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May 16, 2008

From Front Stage to Bed Side, Former Guns N’ Roses
Rocker Graduates Premed from Columbia
Stephen Harris
Stephen Harris
Photograph by Alan Orling

Stephen Harris, once a successful rock musician who fought dyslexia to pursue his other dream—becoming a doctor—is now a significant step closer to realizing that achievement. Harris will graduate from Columbia University next week and begin medical school at Mount Sinai School of Medicine in August.

Fame can take its toll on rock stars, but Harris is one of the survivors. As a bass player and guitarist, he performed with big-name bands, including Guns N’ Roses, The Four Horsemen and The Cult.

“Looking back, my rock career only began because I couldn't seem to do anything else,” Harris said. “I did terribly in school, hated it, hated it. Every time I took a test, I failed it.”

Stephen Harris
Harris was a member of bands Guns N’ Roses, The Cult, and The Four Horseman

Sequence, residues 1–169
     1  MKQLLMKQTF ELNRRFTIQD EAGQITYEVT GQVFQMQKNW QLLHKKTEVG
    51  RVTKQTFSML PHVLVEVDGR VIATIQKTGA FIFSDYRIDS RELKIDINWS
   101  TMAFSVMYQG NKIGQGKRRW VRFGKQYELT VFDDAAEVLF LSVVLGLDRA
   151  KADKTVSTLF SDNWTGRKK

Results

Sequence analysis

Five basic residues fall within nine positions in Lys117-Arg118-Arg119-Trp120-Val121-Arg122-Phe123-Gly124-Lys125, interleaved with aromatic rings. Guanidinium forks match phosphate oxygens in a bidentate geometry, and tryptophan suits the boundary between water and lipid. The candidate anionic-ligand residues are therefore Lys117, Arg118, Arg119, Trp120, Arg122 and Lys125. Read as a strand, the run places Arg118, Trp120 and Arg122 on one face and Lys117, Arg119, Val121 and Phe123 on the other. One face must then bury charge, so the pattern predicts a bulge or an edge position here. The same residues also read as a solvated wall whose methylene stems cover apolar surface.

Photograph by Robert John

Harris was bright, but for reasons he could not understand, he never seemed to be able to learn. At 16, he flunked out of school. He struggled for years with undiagnosed dyslexia, shunning school as a result. After he was diagnosed, Harris successfully applied to Columbia and enrolled at the School of General Studies as a premed student and credits the University’s disability services office for helping him to pursue his interest in medicine.

Stephen Harris
Harris performed at such famed venues as Madison Square Garden and Wembley Arena.
Photograph by Robert John

Harris recently returned from a life-changing humanitarian trip to the West African nation of Liberia. He traveled there as part of a documentary film crew recording a group of doctors from Mt. Sinai Medical Center who went to provide urgently needed medical care to impoverished communities.

By staying on his current track, the man who once called himself “Haggis” and "Kid Chaos" will answer to the name Dr. Harris by the time he reaches the age of 45.

“I grew up in a home where, unfortunately, a lot of serious illness occurred during my most formative years,” he said. “I learned early on that doctors and medicine equaled relief for some of the people I loved the most.”

Inspired by his trip to Liberia, where he saw numerous women suffering from gynecological cancers, many of which could have been prevented or treated early, Harris hopes to specialize in gynecological oncology and eventually, to provide health care in underserved areas of the world.